Global DNA methylation changes during hibernation

In order to evaluate whether global DNA methylation states responded to changes related to hibernation (Fig. 1A), we assayed global DNA methylation in I. tridecemlineatus using LUMA (luminometric methylation assay) in two tissues: skeletal muscle and liver. In skeletal muscle, significant hypomethylation (an approximate 16% reduction, assuming 100% cutting by restriction enzymes) was observed in animals with cold body temperature (Tb) values that indicated they were in late torpor, just beginning to arouse or in interbout (Fig. 1B) as compared with animals that were euthermic in the cold (control). A query of the ground squirrel genome for HpaII/MspI sites (Ensemble release 66) indicated that the extent of changes in methylation that were observed in our study corresponded, at the very least, to 206,573 differentially methylated CpG sites in the muscle genome. If we consider 16% of CGs outside of the CCGG restriction site, this could represent the entire population of genomic CGs ranging close to ∼1.5 million CGs. Significant changes in global methylation state were observed in the liver between animals that were euthermic in the cold and those in interbout (Fig. 1E).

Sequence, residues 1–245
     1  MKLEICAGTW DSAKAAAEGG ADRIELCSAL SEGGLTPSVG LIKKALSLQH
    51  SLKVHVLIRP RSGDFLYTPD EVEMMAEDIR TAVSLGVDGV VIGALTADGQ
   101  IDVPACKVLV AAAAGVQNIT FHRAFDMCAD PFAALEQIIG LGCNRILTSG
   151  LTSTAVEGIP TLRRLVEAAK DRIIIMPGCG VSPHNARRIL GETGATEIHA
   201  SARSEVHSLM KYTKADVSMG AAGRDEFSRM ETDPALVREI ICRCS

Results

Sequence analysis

Fig. 1.

Levels of genomic DNA methylation over the torpor–arousal cycle of winter hibernation in thirteen-lined ground squirrels, Ictidomys tridecemlineatus. (A) A scheme of body temperature (Tb) variations over the course of torpor–arousal bouts showing the different sampling points used in this study. (B–D) Global DNA methylation levels across torpor–arousal in skeletal muscle (B) and expression levels of DNA methyltransferases dnmt1 (C) and dnmt3b (D). (E–G) Global DNA methylation levels across torpor–arousal in liver (E) and expression levels of dnmt1 (F) and dnmt3b (G). Data in histograms are means+s.e.m., N=7 independent samples from different animals. One-way ANOVA was carried out followed by a Dunnett's post hoc test. Asterisks indicate a significant difference from the control (euthermic in the cold) value, *P<0.05, **P<0.01, ****P<0.0001.

Fig. 1.